A modern music box
Twinklr is a modern music box: an electronic instrument controlled with a crank handle and a touchscreen. I developed it with composer Richard Birkin, initially with funding from D-Lab, and subsequently with funding from MV Works
Twinklr’s origins were with Richard. Having made compositions for music boxes previously, he was interested in what a touchscreen on a music box might feel like. Our first version, funded by D-Lab and built around a tablet computer, was a proof of concept.
The MV Works budget allowed us to really explore the concept in depth. We explored in a few different directions. We added richer functionality to the software, going beyond simple emulation of a music box and instead exploring things only a digital music box could do - polyphony, scale quantisation, and even controlling other electronic instruments over MIDI. We altered the platform the instrument was based upon: instead of being a tablet computer in a box, an operating system running software, we’d use a Raspberry Pi and make the object feel like it was an instrument in its own right. And we refreshed both the enclosure and the approach to making it: rather than something built by hand, we’d make something using computer-aided design and computer-controlled manufacture techniques.
These last developments also addressed something that MV Works were interested in: repeatability and commercial viability. I knew that we weren’t going to be designing a retail product per se - but previously, in the version we built for D-Lab, the answer to “can you build another Twinklr?” was “not easily”. Now the answer was a genuine yes: all it took was cutting another case, flashing an SD card for an off-the-shelf single board computer, and assembling the product from parts. By considering repeatbility, we were understanding what it’d take to make more of them. We quietly took note of every time somebody asked us ‘how much is it?’ and gauged their reactions when I told them a rough price.
Twinklr is entirely open source. The schematics, CAD plans for making the case, and software are all available at the project’s Github organisation. It is complex, but possible, for anyone else to build their own. It’s built on top of so many open-source projects - Linux, Processing - that it only felt right to make it an open-source product too. So whilst it’s perhaps more symbolic, than viable, that it’s an open source project, it’s important nontheless.
I kept a diary on Tumblr during the six months of making the music box, and the final results are documented at the Twinklr website.
Instruments and Instrumentiness
From a design perspective, Twinklr let me explore a developing interest in instrument making, and the term I came to call Instrumentiness. What made something an instrument? What were better practices in its design? The loose conclusions that drove the project were something along these lines:
- Instruments allow for mastery. You may be able to do something with them immediately, or not - depending on how difficult they are to learn - but there should always be a way to improve and master it.
- Instruments allow for exchange. If I say I play an x, and you also play an x, I should be able to give you my x and you could play it. It might not be quite the same as yours, but you’d feel familiar. (This is why a ‘laptop’ is never an instrument, for me - a particular combination of software and hardware, however, might be)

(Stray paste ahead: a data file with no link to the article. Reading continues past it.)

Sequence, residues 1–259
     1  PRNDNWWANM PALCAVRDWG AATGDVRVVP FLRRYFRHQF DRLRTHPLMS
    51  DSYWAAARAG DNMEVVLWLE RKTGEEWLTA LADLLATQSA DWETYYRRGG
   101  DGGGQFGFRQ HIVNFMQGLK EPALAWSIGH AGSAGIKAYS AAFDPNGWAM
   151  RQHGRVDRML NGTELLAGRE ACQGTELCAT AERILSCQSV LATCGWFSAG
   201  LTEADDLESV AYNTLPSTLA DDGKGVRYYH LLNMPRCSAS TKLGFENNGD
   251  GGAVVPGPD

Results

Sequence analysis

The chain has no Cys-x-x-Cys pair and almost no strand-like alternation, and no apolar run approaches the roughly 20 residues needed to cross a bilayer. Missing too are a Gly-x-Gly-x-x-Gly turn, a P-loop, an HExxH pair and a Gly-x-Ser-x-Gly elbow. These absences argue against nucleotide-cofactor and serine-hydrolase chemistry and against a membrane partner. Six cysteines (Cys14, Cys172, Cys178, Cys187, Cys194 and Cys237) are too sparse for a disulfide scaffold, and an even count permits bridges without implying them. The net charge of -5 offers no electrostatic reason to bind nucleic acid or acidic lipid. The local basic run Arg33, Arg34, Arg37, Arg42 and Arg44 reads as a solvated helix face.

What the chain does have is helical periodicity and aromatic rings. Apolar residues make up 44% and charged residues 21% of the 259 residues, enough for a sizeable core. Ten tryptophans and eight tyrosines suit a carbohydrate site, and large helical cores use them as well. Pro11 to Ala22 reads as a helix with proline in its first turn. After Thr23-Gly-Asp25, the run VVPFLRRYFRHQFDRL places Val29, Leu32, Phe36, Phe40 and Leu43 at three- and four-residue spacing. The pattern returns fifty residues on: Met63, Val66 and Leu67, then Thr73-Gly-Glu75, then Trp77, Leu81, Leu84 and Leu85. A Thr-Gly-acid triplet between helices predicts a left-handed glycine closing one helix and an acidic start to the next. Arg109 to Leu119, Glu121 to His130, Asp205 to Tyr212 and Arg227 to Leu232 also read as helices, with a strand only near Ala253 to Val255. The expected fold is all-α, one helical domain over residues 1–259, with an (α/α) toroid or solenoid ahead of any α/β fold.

- Instruments allow for exploration. Or: you can play them wrong. Consider Jimi Hendrix with his guitar behind his head, strung upside down; not what you’re meant to do, but creatively expressive nontheless. Or: consider striking an instrument meant to be bowed, bowing a cymbal; also valid forms of expression.
- Instruments allow for expression. Different performers will sound different on them, play them differently, have their own distinct techniques.
- Instruments require a player. An instrument requires a person (or persons) to play it. On its own, it doesn’t do a lot.
- Instruments allow for customisation. They may start the same, but they are customised and shaped according to the player.
Twinklr does some of these well; some of these less so; but these were all ideas developed in the process. And, needless to say, those ideas go beyond this short bullet-pointed list; they’re ideas that continue to sit with me.
Tools and techniques
Twinklr was a project on which I learned and refined new tools and techniques. I taught myself enough CAD for manufacture - designing objects in 3D around existing parts of known size, and ensuring that the panels of that object could be laser-cut and assembled with bolts and screws. I refined my electronics skills, building custom PCBs designed in EAGLE. And I gained significantly more experience in Processing, our eventual software platform (after the browser-based prototypes proved unperformant on the Raspberry Pi).
For now, Twinklr is over. Perhaps it’ll be resuscitated in other forms. But its ideas live on with me, and many of the techniques and skills I learned in the process of making it have had other impacts. A lot of the skills - from running hardware projects through to instrument design - have made my work with the Foxfield Instruments products possible. There are still elements of Twinklr I want to explore in the future. We’ll see what comes of it.